To comply with Tax Code Section 409A, payment must be made starting at either a fixed time, or at another 409A payment event, such as separation from service, death or disability. Payment can be made in a lump sum or over a period of years, but the payment schedule must be stated in the plan and acceleration of payments cannot occur.
One of the drawbacks of any deferred compensation arrangement is that employees are unsecured creditors of the employer, subject not only to the solvency and credit risks of the employer, but also to the employer’s good faith payment.
To provide security to employees, an irrevocable trust can sometimes be used. An irrevocable trust, because of retained administrative powers by the employer, is treated as a grantor trust for Tax Code purposes. The trust assets are considered the employer’s assets rather than the employees’, or those of a separate taxable entity. The trust assets may be used by the trustee only to pay the promised benefits or to pay the claims of creditors. The trust is called a “rabbi” trust because the first IRS ruling on this technique involved a congregation that used such an arrangement to support its retirement obligations for its Rabbi.
Another common scenario is a business owner who anticipates selling the business in five or more years and wants to provide incentives to key employees to grow the business to where it becomes attractive to a third party. Often in this situation, the deferred compensation plan will pay a benefit only when the business is sold. We refer to this as a change-of-control plan. The key is deciding how much of the sale price will be shared with employees. Sometimes a pool will be created equal to a percentage of the deal price allocated among employees based on various criteria.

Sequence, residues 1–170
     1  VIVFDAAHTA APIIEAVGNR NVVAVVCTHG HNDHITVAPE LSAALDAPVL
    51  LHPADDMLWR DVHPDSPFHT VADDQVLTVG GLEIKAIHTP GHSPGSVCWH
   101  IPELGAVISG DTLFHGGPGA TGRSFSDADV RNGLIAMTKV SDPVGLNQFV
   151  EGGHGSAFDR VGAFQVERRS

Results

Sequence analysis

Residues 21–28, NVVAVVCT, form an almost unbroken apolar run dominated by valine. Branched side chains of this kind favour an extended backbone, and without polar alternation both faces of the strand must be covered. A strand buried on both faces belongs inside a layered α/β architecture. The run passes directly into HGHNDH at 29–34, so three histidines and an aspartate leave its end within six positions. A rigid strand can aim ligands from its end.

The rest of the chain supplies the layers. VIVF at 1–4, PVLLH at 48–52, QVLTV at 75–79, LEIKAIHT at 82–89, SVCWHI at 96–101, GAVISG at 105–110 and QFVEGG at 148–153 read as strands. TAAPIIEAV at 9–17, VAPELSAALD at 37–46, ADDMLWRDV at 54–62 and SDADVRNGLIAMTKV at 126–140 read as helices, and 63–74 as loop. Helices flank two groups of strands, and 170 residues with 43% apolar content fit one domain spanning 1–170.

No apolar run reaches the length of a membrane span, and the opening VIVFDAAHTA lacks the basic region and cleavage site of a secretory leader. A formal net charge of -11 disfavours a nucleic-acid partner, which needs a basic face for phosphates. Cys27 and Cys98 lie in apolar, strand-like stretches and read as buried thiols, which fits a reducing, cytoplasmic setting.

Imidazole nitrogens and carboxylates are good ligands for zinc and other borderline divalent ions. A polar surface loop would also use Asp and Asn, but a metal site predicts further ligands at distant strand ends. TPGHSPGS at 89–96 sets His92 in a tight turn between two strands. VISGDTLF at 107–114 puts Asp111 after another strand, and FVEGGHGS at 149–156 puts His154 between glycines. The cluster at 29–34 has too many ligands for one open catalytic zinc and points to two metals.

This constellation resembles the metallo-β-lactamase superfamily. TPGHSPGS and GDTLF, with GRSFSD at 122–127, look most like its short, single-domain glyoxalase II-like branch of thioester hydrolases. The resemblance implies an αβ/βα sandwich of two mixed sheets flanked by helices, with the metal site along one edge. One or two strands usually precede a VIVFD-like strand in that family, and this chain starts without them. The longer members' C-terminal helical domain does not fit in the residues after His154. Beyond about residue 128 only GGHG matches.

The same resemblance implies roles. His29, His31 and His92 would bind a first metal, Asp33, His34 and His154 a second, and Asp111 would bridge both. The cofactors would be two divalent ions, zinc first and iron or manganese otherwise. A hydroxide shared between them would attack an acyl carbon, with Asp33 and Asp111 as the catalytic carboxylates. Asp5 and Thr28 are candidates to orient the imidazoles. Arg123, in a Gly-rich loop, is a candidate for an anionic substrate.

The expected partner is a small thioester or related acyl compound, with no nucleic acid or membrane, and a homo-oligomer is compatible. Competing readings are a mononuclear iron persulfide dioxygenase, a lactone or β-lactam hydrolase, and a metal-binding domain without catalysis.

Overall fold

Another option is to award employees phantom stock or units based on stock appreciation. Phantom stock bases the transaction payment on hypothetical shares awarded to employees and the value of the stock at the sale date, or the appreciation in the value from the date of the award. The payment terms for change-of-control arrangements can be fairly complex to account for different types of transactions and the possibility of consideration other than cash being received over a period of time. Tax Code Section 409A requires very specific change-of-control definitions.
Lastly, Tax Code Sections 280G and 4999 must be considered in connection with large payments made to management or owners in connection with a change of control. These rules limit corporate deductions for excess parachute payments and impose an excise tax of 20 percent on the employee.
In summary, although deferred compensation arrangements offer considerable flexibility to provide benefits, there are several Tax Code and ERISA rules to consider in connection with their implementation.
|John E. Rich Jr.
John E. Rich Jr. is a Director at the McLane law firm. He specializes in employee benefits, pension, ERISA and tax-related matters. He can be contacted directly at (603) 628-1438, or by email.